In 1948, as Naomi Schenck was rushed into a North Carolina operating room because she was having a miscarriage, the then-17-year-old newlywed heard a doctor say: “Cut her.”
“I didn’t know what ‘cut her’ meant,” said Schenck, now 83. She soon found out: Schenck said she was given a spinal tap and then sterilized against her will. Some 7,600 others were sterilized from 1929 to 1974 under the state’s eugenics program. Most were either forced or coerced into the procedure, though a small number of people chose to be sterilized.
Now, Schenck is among 520 sterilization victims and family members waiting to be paid a portion of the $10 million fund established by North Carolina to compensate victims. The Office for Justice of Sterilization Victims estimates about 1,800 victims are still alive. Their deadline to file claims is Monday.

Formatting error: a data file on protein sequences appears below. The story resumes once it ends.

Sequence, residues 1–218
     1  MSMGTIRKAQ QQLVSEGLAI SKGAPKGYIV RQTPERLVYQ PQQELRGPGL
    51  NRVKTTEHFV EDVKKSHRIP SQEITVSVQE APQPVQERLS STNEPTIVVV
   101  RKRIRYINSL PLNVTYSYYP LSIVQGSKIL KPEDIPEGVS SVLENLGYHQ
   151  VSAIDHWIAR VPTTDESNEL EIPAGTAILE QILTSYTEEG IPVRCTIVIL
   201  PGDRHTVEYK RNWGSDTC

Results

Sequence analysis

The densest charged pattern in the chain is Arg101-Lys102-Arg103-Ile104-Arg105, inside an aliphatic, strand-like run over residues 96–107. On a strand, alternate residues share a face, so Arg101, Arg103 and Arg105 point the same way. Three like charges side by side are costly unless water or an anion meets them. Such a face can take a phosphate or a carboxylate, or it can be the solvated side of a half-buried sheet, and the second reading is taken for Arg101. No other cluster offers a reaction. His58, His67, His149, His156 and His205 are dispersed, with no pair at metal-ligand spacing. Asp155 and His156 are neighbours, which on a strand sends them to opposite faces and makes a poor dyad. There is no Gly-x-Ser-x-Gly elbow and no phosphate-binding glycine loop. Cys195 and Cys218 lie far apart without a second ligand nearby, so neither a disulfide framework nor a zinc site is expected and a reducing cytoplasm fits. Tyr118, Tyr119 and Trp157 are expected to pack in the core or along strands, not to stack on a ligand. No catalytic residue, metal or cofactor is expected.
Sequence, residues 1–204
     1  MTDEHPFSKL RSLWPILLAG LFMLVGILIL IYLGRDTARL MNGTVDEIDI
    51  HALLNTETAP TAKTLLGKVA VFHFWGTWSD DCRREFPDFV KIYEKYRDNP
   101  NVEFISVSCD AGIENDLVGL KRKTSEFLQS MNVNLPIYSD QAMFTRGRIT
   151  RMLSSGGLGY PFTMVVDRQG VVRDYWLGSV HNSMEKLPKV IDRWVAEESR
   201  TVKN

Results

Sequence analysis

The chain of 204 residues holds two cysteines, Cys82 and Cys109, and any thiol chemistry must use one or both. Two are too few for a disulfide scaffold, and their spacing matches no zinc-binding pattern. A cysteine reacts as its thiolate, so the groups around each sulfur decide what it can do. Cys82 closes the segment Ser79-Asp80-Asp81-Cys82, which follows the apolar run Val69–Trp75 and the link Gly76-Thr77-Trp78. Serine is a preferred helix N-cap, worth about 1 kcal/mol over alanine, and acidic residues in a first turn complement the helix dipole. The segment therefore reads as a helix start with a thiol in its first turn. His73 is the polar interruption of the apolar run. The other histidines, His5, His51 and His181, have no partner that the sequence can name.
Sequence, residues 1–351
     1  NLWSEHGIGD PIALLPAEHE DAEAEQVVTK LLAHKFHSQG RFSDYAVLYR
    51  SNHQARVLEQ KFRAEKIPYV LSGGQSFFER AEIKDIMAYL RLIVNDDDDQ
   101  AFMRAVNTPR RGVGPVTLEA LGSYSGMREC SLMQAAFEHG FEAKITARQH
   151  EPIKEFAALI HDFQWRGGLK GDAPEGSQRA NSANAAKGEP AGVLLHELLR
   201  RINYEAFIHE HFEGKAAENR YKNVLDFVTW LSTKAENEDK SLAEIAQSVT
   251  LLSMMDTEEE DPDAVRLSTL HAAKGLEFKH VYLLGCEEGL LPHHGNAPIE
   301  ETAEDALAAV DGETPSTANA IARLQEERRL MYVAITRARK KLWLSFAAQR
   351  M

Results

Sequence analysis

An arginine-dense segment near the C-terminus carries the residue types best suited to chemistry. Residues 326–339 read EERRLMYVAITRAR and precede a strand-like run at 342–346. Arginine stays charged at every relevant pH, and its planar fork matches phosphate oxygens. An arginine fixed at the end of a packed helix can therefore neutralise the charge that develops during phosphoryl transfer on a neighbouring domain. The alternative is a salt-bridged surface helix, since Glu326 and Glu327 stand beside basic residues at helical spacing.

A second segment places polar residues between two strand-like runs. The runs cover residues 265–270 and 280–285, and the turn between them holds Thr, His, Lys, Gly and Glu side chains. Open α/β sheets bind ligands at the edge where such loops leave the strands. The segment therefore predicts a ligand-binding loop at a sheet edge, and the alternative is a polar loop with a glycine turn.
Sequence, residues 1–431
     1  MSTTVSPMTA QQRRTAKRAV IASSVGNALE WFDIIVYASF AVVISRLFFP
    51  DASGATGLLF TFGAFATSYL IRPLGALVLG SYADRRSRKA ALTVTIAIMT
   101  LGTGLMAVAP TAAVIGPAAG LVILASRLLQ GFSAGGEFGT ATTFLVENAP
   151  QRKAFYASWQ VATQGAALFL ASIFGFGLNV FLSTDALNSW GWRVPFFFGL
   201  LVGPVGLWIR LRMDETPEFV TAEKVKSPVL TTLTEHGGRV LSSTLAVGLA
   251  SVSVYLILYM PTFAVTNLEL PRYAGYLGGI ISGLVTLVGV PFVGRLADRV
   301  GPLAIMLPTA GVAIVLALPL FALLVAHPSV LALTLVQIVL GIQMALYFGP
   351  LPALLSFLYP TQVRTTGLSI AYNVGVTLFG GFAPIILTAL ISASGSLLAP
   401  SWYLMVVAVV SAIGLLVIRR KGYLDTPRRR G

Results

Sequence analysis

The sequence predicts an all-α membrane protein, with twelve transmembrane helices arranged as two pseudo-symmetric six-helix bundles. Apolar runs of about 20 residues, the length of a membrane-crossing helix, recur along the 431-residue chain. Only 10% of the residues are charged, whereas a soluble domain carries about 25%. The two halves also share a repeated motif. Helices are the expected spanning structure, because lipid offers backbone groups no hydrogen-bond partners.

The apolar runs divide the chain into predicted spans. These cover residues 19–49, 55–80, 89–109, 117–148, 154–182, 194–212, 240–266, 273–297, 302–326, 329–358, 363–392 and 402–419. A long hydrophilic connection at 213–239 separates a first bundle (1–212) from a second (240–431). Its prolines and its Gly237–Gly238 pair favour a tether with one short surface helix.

Eugenics programs in the U.S. were widely perceived as a legitimate effort to improve society by sterilizing people the state deemed inferior citizens incapable of caring for children. Victims were disproportionately poor, mentally disabled or African-American. Eugenics fell out of favor in most states when it became associated with Nazi dictator Adolf Hitler’s ideas of racial purity during World War II, though North Carolina’s continued for some time after.
Read the full, original story: Deadline Looms for NC Eugenics Victims Payment